Last-start victor Nico Rosberg is seeking to complete a rare hat-trick of successive Formula One wins in Monaco this weekend.
The 29-year-old ended a spell in the shadow of his Mercedes teammate Lewis Hamilton with victory at the Spanish Grand Prix, cutting the Briton’s lead from 27 points to 20.
A repeat in Sunday’s classic race around his hometown streets will confirm his return to form and add his name to a revered list of Monte Carlo victors.
Not since Brazilian Ayrton Senna won five in a row from 1989-93 has any driver won three back-to-back at Monaco.
Frenchman Alain Prost won three successive races from 1984 to 1986, and again in 1988, a feat that endorsed the era of his rivalry with Senna as one of the greatest.
Before them, only Briton Graham Hill managed the feat, winning thrice from 1963-65.
Seven-time champion Michael Schumacher won the race five times in all, but never three times in a row.
All of which leaves Rosberg on the cusp of a potentially famous achievement as he attempts to rein in Hamilton, who has won three of this year’s five opening races.
Last year, Rosberg triumphed ahead of Hamilton after a controversial off-road excursion during qualifying left the Englishman fuming amid a variety of conspiracy rumours.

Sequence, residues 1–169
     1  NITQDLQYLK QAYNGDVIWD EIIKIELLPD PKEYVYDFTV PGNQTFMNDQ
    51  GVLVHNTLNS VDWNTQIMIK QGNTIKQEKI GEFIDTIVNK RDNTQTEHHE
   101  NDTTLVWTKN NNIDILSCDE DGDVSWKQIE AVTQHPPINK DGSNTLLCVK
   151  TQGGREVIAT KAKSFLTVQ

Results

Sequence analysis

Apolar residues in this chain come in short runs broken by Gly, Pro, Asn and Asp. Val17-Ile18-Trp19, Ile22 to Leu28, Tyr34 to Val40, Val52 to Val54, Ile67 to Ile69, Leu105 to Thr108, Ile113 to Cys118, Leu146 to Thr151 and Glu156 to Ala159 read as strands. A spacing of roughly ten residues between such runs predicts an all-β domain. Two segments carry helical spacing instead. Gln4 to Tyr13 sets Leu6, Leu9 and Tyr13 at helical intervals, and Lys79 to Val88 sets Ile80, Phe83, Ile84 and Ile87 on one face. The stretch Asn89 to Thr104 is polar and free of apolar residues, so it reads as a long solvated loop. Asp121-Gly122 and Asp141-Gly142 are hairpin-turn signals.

It set the tone for an acrimonious period of rivalry between the two, a spell that Rosberg would be happy to usher in again if it goes with another memorable Monaco win.
Hamilton, however, has other ideas as he strives for only his second win on a circuit he loves.
“I am more than ever looking forward to this one, I really am,” said Hamilton, whose future with Mercedes is expected to be confirmed this weekend.
“I’ve not won in Monaco for a long, long time – I’ve only won it once – so this is going to be my third chance with this great team and with a great car. So hopefully third time lucky.”
The race will be important for Manor Marussia as it marks the anniversary of their only points-scoring finish, achieved last year when Frenchman Jules Bianchi came home ninth.
Bianchi remains in hospital in Nice recovering from his life-threatening crash during the Japanese Grand Prix last October.
“Without question, it will be emotional,” said the team’s sporting director Graeme Lowdon.
“There will be some difficult personal moments for everybody, primarily because of Jules, of course, but also because it was such a memorable weekend.”
Pirelli will this weekend give the teams a new compound of super-soft tyres, designed to help allow overtaking in the classic 78-lap contest.